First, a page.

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Hi everyone; tonight I’ve been blessed with the job of writing up the latest Lydia update (a blessing for me because I can take some solace in the action of writing and feel like I’m helping contribute to this fight).

Today Lydia’s oncologist says she’s doing well in spite of a couple of slow downs along the way. She’s doing so great, in fact, that she’s expected to go into remission within 6-8 weeks.  Then the plan will be to keep Lydia healthy during her remission for a couple of months; once that happens she’ll have a bone marrow transplant.

The transplant will be risky but necessary, as the chemo just treats the symptoms of the leukemia.  The white blood cells are produced in the bone marrow, and without new marrow the “bad” cells will continue to reproduce. In most cases biological siblings are the best matches for a marrow transplant (not parents), and since Lydia doesn’t have a biological sibling, the next best option would come from stem cells taken from cord blood donations (from a donation bank). It seems tiny “new” stem cells work best for tiny “new” babies. If no match can be found within a cord blood bank, the next option will be looking to the bone marrow donor registry (http://www.marrow.org/). 

If you’re interested in becoming a marrow donor or having your name put into the donor registery, it only takes a simple cheek swab to test your marrow compatibility. Click on the link above or call 1-800-Marrow-2 for more information. Right now it will cost $65 for the necessary test to be placed on the registery, or in May of 2008 there will be a national marrow drive & potential donors can join for free.  However, Lydia will need her transplant before then, and the hope is that a match will quickly be found.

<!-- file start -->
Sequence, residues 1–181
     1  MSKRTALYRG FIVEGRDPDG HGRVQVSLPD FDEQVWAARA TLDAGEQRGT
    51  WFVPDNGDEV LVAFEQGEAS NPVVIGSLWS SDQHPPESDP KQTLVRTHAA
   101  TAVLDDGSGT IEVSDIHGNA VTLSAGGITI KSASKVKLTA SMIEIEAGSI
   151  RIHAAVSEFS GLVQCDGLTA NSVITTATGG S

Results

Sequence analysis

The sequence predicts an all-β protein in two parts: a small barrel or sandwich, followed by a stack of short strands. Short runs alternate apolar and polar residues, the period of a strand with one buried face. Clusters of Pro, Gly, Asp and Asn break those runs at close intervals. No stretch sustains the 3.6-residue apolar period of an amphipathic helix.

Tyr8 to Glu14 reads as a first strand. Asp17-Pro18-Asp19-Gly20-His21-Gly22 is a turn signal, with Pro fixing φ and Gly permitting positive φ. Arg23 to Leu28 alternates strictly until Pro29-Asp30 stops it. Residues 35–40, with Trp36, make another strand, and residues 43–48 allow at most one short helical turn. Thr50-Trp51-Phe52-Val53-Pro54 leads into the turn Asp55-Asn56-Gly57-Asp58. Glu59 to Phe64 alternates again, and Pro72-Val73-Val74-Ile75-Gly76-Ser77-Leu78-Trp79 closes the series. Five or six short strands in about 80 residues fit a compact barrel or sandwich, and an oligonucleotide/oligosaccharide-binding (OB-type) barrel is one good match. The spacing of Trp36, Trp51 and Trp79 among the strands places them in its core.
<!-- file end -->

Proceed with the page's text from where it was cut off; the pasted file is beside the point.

Once Lydia gets her transplant she’ll be in the hospital again for a couple of months.  Lydia’s diagnosis is confirmed ALL (acute lymphocytic leukemia), and her specific subtype is MLL. A good definition I found reads, “In infant leukemia, a gene called mixed lineage leukemia (MLL) breaks and recombines with one of many partner genes to form a translocation, an abnormal rearrangement within a chromosome. Because MLL plays a critical role in blood cell development, the translocation causes the overproduction of defective white blood cells that are the hallmark of leukemia.”  If you’re interested in learning more about ALL in children, the National Cancer Institute has a helpful website http://www.cancer.gov/cancertopics/factsheet/ALLinchildren

That’s all for now; keep praying and let’s all join together in Lydia’s fight. Anyone interested in becoming Liz’s “scribe for a day,” & helping her blog info should first register with Word Press then give Liz a call and she’ll get you set up.

2 Timothy 4:7 “I have fought the good fight; I have kept the faith; I have finished the race.”

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